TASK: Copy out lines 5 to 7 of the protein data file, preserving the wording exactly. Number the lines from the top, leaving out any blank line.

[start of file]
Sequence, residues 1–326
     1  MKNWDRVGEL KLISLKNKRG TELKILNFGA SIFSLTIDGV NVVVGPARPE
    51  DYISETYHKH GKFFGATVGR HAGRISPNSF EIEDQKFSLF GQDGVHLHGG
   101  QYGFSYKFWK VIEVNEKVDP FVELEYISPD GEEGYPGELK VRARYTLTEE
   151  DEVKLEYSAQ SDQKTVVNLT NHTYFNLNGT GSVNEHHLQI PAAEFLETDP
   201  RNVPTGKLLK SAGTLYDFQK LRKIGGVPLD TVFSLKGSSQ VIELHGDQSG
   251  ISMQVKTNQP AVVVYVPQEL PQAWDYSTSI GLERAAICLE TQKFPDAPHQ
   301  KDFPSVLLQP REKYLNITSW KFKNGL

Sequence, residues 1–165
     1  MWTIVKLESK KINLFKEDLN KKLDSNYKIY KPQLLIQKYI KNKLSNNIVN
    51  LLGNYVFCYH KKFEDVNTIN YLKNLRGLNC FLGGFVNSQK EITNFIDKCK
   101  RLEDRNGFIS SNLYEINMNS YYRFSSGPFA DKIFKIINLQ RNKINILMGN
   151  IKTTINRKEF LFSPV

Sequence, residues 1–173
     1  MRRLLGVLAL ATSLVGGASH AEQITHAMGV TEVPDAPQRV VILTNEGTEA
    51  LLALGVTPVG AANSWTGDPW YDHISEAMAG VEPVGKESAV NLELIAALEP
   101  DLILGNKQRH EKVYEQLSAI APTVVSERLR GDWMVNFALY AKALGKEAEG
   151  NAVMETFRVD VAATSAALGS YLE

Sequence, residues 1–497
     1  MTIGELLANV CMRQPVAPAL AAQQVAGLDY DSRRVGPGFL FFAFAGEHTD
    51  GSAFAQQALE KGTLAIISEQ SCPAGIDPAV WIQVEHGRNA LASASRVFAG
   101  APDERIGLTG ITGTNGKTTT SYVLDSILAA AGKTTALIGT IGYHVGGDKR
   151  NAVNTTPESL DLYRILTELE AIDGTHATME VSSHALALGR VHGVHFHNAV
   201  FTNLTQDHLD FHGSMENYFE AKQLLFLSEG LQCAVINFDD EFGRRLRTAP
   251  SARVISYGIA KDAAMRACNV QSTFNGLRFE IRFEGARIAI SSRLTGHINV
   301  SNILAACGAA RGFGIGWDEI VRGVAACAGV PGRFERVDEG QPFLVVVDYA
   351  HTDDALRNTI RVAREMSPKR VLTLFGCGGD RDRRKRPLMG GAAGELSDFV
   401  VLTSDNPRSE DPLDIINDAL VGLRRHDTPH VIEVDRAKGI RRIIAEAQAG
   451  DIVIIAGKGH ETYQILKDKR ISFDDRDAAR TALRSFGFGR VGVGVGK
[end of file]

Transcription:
   151  DEVKLEYSAQ SDQKTVVNLT NHTYFNLNGT GSVNEHHLQI PAAEFLETDP
   201  RNVPTGKLLK SAGTLYDFQK LRKIGGVPLD TVFSLKGSSQ VIELHGDQSG
   251  ISMQVKTNQP AVVVYVPQEL PQAWDYSTSI GLERAAICLE TQKFPDAPHQ